Jesus Shares a Dipper

Jesus Shares a Dipper

What are you going to do when Jesus doesn’t play by the rules . . . when he doesn’t behave like a good son of God should?

Well, the safest thing to do is to reshape Jesus into our image. It’s not all that hard to do. In spite of the Bible remaining a top-seller, it really isn’t read that much; and most people who read it just surface read. So to reshape Jesus you need merely to pick and choose your Jesus stories so that they all go together. When you have Jesus fashioned as you would like him to be, go forth and proclaim your jesus. Do it with gusto and with the sound of authority in your voice. Quote Scripture and pound the pulpit. If you don’t have a pulpit any surface will do, including the hard heads of persons who just can’t see your jesus. Do it long enough and others will believe. Even more astounding is that if you do it long enough you will come to believe in the jesus you created. Wow! You’ve become god. (Isn’t there a story about that in the first book of the Bible? It seems I recall those who wanted to be gods unto themselves didn’t fare well in the end. Never mind, you can skip that part of the Bible.)

When I was a child I had this toy that made music. There was a crank you turned. If you got your speed just right the music sounded really nice. I liked the little music box . . . except that periodically as you turned the crank, the lid would fly open and up would pop Jack. Turn the crank slower or faster or just right, it didn’t matter. Jack always escaped the box.

Go ahead and reshape Jesus so that he loves you particularly and hates all the things (and people) you hate. Shape a Jesus who will draw tight, wide-bordered circles that define who is in and who is out. Shape Jesus so that he always loves your friends and hates your enemies. Go ahead . . . but beware, like Jack-in-the-Box, the real Jesus will always pop up, always escape the box.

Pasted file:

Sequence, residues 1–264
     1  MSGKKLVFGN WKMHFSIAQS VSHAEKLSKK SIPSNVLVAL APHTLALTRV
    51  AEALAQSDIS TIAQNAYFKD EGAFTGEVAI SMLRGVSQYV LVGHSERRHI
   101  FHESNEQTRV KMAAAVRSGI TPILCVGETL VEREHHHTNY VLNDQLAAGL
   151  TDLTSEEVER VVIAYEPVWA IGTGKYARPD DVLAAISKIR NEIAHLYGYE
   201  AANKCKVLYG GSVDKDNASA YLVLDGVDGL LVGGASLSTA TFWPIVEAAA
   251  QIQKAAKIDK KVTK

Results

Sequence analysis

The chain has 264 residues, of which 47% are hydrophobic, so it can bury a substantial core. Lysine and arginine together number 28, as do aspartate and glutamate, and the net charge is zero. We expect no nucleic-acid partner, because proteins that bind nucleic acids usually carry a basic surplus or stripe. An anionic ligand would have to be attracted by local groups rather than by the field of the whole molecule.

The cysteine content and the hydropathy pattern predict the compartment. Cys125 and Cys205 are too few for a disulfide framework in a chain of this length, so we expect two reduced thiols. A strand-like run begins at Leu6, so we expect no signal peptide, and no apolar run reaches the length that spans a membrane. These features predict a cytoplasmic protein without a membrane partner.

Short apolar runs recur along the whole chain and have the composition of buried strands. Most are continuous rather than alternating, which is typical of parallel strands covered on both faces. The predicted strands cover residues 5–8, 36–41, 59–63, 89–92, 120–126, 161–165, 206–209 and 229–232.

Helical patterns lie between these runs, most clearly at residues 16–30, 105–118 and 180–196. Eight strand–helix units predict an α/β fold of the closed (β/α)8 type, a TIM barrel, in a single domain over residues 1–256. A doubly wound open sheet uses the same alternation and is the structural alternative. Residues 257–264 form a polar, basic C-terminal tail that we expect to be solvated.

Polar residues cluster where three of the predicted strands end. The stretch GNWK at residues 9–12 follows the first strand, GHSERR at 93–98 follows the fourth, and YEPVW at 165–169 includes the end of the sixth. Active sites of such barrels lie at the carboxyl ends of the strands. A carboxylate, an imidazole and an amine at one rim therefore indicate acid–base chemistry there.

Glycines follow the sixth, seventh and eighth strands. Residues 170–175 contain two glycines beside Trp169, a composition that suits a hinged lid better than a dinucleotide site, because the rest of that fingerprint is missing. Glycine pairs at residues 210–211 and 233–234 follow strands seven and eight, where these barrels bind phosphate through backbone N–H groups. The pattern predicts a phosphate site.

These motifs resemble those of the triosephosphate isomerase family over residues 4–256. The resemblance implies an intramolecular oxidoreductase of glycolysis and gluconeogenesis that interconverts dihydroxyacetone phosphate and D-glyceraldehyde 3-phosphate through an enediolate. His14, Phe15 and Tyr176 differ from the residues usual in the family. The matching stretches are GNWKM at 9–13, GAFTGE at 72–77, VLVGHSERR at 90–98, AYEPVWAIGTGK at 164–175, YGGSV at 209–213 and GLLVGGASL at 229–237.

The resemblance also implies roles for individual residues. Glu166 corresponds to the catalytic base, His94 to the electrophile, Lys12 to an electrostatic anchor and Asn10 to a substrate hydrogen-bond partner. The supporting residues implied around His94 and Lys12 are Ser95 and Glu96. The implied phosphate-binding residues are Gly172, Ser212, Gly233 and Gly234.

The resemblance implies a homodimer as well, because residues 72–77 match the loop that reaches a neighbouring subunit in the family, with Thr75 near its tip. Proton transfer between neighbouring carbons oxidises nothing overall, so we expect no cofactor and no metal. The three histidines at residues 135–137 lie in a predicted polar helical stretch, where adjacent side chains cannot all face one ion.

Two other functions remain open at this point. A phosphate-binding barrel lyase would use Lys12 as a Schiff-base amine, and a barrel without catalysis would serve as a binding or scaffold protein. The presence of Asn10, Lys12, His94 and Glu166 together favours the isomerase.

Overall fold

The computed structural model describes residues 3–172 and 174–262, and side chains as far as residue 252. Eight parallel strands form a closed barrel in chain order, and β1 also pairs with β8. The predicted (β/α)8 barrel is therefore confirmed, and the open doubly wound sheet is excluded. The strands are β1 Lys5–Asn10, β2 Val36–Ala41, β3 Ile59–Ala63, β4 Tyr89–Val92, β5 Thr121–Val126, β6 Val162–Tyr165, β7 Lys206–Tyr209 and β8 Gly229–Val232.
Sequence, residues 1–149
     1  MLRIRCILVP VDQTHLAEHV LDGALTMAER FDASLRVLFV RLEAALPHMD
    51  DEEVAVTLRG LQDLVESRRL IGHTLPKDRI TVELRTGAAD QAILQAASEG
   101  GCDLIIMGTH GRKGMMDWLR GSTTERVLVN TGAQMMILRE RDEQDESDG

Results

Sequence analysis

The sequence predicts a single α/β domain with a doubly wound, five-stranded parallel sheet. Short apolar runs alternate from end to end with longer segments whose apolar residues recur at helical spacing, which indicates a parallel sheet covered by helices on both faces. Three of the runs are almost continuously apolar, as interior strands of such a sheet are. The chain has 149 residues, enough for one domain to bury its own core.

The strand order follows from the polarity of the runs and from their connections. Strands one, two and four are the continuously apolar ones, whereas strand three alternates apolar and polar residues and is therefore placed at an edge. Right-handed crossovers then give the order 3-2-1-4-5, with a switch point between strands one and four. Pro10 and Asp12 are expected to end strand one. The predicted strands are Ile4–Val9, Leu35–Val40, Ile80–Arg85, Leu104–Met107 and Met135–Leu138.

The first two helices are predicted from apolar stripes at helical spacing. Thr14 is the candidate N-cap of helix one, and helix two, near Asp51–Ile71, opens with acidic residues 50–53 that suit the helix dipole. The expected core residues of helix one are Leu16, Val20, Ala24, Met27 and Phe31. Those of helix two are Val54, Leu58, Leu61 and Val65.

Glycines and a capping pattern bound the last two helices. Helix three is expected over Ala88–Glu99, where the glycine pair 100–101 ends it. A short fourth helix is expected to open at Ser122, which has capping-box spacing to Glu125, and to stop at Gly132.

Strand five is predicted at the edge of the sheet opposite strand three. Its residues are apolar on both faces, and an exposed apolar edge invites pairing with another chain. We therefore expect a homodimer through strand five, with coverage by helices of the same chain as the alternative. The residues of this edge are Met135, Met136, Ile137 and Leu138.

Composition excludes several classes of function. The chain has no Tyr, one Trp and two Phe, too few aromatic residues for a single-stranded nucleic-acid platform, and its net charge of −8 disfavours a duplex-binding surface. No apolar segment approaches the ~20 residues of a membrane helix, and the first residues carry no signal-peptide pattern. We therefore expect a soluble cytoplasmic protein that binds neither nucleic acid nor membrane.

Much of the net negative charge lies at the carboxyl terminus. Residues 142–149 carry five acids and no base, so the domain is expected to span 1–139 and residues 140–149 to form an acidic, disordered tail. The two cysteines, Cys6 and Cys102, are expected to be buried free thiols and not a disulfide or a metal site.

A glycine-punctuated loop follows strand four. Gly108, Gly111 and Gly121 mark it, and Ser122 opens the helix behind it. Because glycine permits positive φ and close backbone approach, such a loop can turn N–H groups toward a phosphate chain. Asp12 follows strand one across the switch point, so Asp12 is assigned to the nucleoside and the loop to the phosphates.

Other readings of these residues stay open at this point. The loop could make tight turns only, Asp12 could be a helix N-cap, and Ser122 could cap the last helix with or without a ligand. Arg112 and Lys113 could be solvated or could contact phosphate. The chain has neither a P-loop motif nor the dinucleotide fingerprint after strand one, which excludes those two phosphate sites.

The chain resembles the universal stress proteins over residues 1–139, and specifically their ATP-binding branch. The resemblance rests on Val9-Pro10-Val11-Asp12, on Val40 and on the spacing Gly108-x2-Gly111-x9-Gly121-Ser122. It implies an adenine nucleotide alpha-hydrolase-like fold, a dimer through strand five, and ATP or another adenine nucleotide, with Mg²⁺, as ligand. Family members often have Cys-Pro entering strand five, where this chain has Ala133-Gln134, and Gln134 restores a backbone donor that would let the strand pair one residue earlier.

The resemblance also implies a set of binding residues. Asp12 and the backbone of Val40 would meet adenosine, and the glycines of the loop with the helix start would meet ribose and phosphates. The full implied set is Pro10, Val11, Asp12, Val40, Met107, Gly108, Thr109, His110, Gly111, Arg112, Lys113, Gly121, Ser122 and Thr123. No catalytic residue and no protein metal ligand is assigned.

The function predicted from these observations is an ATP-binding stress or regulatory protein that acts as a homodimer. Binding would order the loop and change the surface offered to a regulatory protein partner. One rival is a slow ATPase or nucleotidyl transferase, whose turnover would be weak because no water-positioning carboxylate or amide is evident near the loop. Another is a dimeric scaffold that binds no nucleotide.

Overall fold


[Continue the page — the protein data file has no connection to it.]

The church has been shaping and reshaping Jesus for a long, long time. We have a problem, Houston—Eminence, Louisville, Starkville, St. Louis, Chicago, etc. We can reshape Jesus. We can stick him in a box. We can so define him that he is found only in our brand of church. We can do all of this . . . .

. . . all of this and it will be to no avail. Jesus arose! Remember that little story? He arose a victor o’er the dark domain. He arose a victor over each person who tries to kill him again by reshaping him in his/her image. The music is playing and the real Jesus will pop up!

He popped up outside a Samaritan village at well being visited by a five-time divorced woman who was then living with another man without benefit of clergy! A reshaped jesus would have turned away. At the very least he would have run her off. Instead, he shared a dipper of water with the woman. His dry tongue’s thirst was quenched. The dryness of her soul was drenched.

I’m tempted to reshape Jesus into a more manageable Lord of my own image. I’m tempted; but, instead, I’m going to keep looking for this Jesus who shattered the proper image and shared a dipper of water with a woman others defined as unworthy. I’m thirsty. I don’t need my Jesus. I need JESUS!

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